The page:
Former U.S. Secretary of State Henry Kissinger sent a letter to U.S. President Barack Obama on Monday, urging him to commute the prison term of Jonathan Pollard, who is serving a life term for spying for Israel.
"I believe justice would be served by commuting the remainder of Pollard's sentence of life imprisonment, " Kissinger wrote in the letter, in which he enunciated that he had given the matter a lot of thought and research.
"At first I did not have enough information to render a reasoned and just opinion," wrote Kissinger. "But having talked with George Shultz and [reading] the statement of former CIA Director Woolsey, former Senate Intelligence Committee Chairman DeConcini, former Defense Secretary Weinberger, former Attorney General Mukasey and others whose judgments and first-hand knowledge of the case I respect, I find their unanimous support for clemency compelling," Kissinger wrote.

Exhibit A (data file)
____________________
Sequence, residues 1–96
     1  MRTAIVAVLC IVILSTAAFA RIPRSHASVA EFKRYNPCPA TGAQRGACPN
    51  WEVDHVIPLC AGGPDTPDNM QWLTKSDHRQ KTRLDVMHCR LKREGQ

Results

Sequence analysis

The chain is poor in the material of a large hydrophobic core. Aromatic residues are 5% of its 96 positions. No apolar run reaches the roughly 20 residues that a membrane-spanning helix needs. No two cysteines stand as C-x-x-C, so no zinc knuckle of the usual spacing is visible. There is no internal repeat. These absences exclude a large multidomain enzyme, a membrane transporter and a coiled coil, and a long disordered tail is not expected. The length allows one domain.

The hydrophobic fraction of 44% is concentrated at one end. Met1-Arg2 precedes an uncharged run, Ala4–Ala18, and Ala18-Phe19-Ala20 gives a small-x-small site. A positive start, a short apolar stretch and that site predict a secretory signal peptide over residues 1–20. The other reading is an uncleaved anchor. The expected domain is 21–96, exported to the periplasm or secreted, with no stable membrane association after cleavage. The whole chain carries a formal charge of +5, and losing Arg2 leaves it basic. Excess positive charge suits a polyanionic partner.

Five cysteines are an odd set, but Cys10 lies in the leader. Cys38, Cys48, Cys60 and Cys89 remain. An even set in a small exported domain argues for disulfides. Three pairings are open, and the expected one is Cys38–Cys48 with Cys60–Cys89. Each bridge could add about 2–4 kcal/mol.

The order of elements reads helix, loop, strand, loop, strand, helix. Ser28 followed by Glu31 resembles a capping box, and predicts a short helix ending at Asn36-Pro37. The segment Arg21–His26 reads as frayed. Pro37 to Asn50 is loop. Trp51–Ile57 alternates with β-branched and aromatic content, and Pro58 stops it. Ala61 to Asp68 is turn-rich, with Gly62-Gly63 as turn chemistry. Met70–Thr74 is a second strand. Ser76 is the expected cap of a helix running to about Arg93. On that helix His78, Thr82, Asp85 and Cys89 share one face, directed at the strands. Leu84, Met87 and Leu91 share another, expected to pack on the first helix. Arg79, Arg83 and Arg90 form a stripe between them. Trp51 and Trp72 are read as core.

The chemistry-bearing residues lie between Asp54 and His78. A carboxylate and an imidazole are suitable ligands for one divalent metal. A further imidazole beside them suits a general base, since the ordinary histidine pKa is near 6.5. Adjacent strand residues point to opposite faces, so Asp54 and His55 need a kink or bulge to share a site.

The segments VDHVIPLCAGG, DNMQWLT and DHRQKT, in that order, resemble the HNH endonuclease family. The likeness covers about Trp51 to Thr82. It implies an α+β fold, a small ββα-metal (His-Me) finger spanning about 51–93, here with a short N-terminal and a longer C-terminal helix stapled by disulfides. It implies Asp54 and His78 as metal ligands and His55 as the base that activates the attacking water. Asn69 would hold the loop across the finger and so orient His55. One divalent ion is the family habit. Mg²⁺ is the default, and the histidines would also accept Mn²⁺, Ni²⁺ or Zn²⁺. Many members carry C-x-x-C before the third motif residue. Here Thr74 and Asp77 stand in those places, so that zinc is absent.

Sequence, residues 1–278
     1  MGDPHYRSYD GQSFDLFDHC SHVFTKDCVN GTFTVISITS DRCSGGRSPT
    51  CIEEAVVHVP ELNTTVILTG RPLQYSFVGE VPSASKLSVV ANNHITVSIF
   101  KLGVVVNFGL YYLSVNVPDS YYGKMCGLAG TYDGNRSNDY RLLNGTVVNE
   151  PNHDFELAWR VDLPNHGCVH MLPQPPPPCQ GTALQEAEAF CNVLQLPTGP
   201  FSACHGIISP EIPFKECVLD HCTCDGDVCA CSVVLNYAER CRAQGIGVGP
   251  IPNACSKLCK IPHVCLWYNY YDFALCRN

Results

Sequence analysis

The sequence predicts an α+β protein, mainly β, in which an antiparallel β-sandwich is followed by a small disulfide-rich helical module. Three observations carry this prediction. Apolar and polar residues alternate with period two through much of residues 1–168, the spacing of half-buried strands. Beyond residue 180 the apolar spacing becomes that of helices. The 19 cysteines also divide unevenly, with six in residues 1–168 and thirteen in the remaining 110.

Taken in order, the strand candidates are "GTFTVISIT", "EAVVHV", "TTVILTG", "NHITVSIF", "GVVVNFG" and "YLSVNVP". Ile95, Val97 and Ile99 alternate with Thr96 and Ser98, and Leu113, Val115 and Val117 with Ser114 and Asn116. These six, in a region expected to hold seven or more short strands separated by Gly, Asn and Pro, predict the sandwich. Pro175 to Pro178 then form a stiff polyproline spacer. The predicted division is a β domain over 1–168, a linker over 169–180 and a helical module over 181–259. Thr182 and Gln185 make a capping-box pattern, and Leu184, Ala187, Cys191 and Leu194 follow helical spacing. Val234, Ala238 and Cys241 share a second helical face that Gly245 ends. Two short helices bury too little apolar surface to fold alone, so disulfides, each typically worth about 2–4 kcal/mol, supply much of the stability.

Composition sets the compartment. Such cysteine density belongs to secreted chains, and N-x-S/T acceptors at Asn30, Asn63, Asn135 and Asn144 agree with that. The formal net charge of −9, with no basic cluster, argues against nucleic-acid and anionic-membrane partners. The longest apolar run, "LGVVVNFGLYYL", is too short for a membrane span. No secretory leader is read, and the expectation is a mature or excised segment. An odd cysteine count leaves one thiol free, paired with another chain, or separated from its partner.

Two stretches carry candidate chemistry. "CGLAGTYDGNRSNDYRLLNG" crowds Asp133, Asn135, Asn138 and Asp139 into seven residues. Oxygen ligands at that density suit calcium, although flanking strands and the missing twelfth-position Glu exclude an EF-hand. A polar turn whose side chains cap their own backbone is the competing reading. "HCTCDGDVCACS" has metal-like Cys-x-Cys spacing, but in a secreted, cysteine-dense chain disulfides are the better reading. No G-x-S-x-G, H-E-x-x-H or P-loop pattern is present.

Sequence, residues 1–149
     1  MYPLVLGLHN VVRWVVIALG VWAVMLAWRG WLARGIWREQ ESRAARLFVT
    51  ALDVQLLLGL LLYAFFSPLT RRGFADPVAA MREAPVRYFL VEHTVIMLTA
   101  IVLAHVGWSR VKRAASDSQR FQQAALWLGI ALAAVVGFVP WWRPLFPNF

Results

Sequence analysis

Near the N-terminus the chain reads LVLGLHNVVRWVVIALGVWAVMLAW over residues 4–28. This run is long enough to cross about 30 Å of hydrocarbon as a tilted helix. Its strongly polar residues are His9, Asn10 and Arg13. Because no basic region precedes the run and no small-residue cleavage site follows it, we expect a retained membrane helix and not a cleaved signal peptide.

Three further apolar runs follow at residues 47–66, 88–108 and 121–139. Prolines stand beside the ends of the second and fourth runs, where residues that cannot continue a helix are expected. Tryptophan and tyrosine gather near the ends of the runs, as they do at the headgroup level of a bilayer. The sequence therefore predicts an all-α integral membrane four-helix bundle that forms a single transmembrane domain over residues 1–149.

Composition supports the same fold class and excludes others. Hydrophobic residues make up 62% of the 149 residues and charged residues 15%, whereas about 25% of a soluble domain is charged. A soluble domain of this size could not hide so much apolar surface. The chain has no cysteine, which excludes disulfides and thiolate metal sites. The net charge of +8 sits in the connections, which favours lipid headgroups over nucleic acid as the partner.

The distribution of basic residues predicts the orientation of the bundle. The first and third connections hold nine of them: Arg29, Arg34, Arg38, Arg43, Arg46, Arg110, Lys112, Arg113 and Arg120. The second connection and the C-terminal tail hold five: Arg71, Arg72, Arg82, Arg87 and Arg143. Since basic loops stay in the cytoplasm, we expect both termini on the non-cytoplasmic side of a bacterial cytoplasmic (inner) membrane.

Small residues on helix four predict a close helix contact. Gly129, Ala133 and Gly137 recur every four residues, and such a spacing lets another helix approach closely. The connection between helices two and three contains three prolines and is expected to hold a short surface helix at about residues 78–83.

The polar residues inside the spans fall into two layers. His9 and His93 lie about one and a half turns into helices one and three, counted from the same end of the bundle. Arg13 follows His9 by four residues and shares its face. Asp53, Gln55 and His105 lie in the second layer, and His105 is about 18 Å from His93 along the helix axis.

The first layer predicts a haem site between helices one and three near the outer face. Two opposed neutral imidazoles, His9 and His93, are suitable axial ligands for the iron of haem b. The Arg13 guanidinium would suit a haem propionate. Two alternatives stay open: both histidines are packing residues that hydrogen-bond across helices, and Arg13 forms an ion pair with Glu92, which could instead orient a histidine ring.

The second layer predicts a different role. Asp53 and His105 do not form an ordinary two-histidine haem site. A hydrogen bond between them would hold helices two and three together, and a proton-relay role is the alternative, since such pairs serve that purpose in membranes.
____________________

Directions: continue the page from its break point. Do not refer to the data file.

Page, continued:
Pollard was sentenced to life in prison in 1987 on charges of spying on the U.S. for Israel. He is incarcerated at a federal jail in North Carolina.
In January, Israeli Prime Minister Benjamin Netanyahu made an official request to the U.S. president to grant clemency to Pollard. This marked the first formal request by Israel for Pollard's release.
"Even though Israel was in no way directing its intelligence efforts against the United States, its actions were wrong and wholly unacceptable," Netanyahu wrote in the official letter he sent to Obama. "Both Mr. Pollard and the Government of Israel have repeatedly expressed remorse for these actions, and Israel will continue to abide by its commitment that such wrongful actions will never be repeated."
Netanyahu made the decision to send the letter after meeting with Pollard's wife Esther, as well as Lawrence Korb, who was the U.S. assistant secretary of defense at the time of Pollard's arrest.
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